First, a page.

Sam Morris / Las Vegas Sun
Monday, March 19, 2012 | 2:01 a.m.
- The Sun's coverage of UNLV in the NCAA Tournament
- The Rebels face five major tasks this off-season for getting better in 2012-13
- UNLV’s four seniors end their careers with another early NCAA exit despite big rally
- The Rebels’ furious rally an example of what UNLV could have been this season
- All UNLV Men's Basketball Coverage
The dust has already begun to settle from the UNLV basketball team’s collapse to close the season.
The Rebels were nearly a top-10 team in opening the year with a 21-3 record, but couldn’t duplicate the favorable results down the stretch. What started out with such high hopes — remember storming the court after beating No. 1 North Carolina? — wound up being just like the past two seasons with the team coming up short.
However, not all is lost. The foundation was firmly established for the future of the program. It’s a future that looks bright.
Despite the rough ending, and all sorts of questions trying to dissect the late-season struggles, it’s pretty obvious UNLV returned to national importance. While that status didn’t result in a NCAA Tournament win, it’s a sign the program is heading in the right direction. Even the most pessimistic fan has to feel better about the state of the program, right?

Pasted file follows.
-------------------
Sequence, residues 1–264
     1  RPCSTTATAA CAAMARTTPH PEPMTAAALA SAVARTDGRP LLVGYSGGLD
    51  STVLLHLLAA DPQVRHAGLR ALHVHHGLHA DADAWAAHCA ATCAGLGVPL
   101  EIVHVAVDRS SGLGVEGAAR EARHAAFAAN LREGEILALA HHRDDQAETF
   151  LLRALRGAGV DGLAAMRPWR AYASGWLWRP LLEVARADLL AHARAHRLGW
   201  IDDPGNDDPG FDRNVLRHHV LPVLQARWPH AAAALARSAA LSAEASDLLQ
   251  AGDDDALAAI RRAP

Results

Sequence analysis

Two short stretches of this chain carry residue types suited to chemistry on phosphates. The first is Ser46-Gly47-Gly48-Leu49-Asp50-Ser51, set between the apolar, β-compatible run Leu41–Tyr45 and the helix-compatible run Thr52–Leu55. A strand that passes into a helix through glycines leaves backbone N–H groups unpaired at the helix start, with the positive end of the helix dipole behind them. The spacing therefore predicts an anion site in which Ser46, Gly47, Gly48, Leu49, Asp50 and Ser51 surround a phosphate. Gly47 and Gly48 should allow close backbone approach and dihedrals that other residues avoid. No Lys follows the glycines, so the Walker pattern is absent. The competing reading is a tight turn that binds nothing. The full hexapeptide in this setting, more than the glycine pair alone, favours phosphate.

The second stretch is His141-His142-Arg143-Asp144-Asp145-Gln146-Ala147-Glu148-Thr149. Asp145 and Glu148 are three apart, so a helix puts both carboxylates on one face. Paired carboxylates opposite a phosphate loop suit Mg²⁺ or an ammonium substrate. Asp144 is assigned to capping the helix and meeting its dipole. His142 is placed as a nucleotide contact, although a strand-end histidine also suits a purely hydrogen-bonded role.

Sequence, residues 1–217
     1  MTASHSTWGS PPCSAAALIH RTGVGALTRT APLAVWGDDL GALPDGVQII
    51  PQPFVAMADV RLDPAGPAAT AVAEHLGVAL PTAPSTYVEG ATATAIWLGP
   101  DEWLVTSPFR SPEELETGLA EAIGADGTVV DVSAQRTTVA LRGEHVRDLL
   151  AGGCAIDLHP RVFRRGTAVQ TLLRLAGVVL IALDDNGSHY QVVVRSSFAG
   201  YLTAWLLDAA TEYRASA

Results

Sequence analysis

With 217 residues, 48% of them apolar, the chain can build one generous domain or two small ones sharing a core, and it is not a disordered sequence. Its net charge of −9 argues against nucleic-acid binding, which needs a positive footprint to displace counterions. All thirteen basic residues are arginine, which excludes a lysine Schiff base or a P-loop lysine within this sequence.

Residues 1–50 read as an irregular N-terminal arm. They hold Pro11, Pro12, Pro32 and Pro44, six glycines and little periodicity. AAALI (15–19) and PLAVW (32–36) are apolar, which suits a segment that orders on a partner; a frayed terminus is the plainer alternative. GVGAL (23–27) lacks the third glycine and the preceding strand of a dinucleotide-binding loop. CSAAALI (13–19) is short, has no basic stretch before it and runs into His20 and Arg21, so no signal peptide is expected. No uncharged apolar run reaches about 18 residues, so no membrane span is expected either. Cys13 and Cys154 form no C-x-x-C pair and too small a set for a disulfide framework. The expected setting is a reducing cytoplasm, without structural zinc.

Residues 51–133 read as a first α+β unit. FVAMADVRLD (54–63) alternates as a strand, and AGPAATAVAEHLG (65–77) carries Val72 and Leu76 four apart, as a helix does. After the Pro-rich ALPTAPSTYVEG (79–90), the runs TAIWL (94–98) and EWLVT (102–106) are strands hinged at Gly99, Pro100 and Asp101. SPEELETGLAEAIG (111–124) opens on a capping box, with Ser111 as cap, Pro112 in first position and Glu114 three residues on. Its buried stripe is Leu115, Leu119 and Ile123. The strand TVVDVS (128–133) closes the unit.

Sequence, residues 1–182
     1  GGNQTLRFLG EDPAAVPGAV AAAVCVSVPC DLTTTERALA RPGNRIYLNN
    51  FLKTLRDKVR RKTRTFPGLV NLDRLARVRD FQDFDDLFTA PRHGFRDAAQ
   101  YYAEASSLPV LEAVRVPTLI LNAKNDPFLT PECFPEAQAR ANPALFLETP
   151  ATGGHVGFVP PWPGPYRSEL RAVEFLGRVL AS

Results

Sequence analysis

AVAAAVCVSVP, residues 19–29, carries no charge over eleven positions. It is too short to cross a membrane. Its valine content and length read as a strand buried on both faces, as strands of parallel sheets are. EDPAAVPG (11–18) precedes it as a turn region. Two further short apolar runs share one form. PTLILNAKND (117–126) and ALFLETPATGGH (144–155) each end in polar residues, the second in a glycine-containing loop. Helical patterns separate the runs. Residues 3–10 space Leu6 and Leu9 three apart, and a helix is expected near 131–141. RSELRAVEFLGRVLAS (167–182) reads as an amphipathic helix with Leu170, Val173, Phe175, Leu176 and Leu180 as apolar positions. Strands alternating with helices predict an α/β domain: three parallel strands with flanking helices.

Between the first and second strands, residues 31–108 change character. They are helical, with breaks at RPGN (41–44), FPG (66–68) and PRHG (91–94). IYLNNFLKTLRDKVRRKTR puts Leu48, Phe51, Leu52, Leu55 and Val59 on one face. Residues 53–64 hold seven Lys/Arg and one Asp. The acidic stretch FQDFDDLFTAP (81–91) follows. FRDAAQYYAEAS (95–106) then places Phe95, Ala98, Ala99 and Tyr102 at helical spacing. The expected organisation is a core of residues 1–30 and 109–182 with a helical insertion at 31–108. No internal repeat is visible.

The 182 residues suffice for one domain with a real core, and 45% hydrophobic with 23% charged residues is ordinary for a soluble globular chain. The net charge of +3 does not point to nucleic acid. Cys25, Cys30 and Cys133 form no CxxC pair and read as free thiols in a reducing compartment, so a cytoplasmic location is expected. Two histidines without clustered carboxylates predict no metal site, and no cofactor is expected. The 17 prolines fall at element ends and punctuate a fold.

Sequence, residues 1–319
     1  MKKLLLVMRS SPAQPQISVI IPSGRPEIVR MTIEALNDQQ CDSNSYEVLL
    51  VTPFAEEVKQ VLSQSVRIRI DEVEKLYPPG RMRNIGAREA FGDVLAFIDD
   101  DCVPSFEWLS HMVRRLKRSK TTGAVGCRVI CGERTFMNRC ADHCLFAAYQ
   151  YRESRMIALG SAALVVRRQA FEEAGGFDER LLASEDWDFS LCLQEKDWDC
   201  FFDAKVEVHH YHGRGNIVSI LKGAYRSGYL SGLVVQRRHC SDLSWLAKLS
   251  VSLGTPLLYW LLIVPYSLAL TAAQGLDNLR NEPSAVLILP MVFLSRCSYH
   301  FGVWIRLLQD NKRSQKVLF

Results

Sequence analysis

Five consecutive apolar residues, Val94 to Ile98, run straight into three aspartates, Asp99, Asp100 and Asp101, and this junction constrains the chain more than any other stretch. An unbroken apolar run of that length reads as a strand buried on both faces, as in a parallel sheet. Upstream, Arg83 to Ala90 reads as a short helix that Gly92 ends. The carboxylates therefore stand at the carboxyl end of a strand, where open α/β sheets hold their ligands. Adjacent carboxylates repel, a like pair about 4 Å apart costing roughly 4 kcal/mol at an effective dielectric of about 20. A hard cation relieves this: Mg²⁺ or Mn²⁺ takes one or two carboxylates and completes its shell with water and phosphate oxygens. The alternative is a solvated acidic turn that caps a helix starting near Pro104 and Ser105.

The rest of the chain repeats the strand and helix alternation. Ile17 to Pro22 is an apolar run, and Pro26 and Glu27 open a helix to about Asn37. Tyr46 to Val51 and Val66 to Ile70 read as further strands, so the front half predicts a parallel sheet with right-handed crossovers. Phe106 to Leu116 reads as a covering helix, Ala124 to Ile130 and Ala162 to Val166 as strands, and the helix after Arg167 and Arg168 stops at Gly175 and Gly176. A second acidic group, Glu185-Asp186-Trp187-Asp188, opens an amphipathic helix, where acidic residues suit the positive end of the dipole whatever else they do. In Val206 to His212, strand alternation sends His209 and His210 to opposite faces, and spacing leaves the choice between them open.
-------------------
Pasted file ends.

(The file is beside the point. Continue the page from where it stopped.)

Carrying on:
Here are five reasons to be optimistic about the upcoming season:
Remove seniors Brice Massamba, Oscar Bellfield and Chace Stanback from the UNLV starting lineup, replace them with Bryce Jones on the wing, Katin Reinhardt at guard and Khem Birch (after the fall semester when the transfer is eligible) in the post, and the Rebels are instantly a more athletic, aggressive and an overall better team. Sure, losing Bellfield’s reliability and decision making in the backcourt won’t be easy to replace, but give the 6-foot-4 incoming freshman Reinhardt a few games, and you’ll realize it’s a major upgrade. All three players were top 100 recruits, including Birch in 2011 being McDonald’s All-American and Reinhardt a top-50 recruit from powerhouse Mater Dei in Southern California. The rising sophomore Jones, a 6-foot-5 wing who will take over for Stanback, is a transfer from USC who several feel is one of the program’s most talented players in two decades. He’ll have the same impact Mike Moser did this year.
Having the 6-foot-8 Moser penciled in at the four-spot is a great starting point for the upcoming season. He’s athletic, plays with passion and intensity, finds success offensively with his inside and outside game, and fits perfectly into the Rebels’ up-tempo offensive philosophies. Moser, who this season averaged 14.1 points and 10.6 rebounds per game, will likely be the league’s top returning player and a big reason why UNLV will again be a top-25 team. Moser was four times named the Mountain West Conference’s player of the week, taking the honor in consecutive weeks in late November in bursting onto the scene as one of the nation’s best. Like the Rebels’ hot start, Moser also fizzled out — if just briefly. A two-week stretch of bad performances in February — and the Rebels’ poor end to the season — will give him motivation to make improvements this offseason. Look for Moser to add bulk to his lanky 210-pound frame and fine tune other aspects of his arsenal in becoming an even more complete player.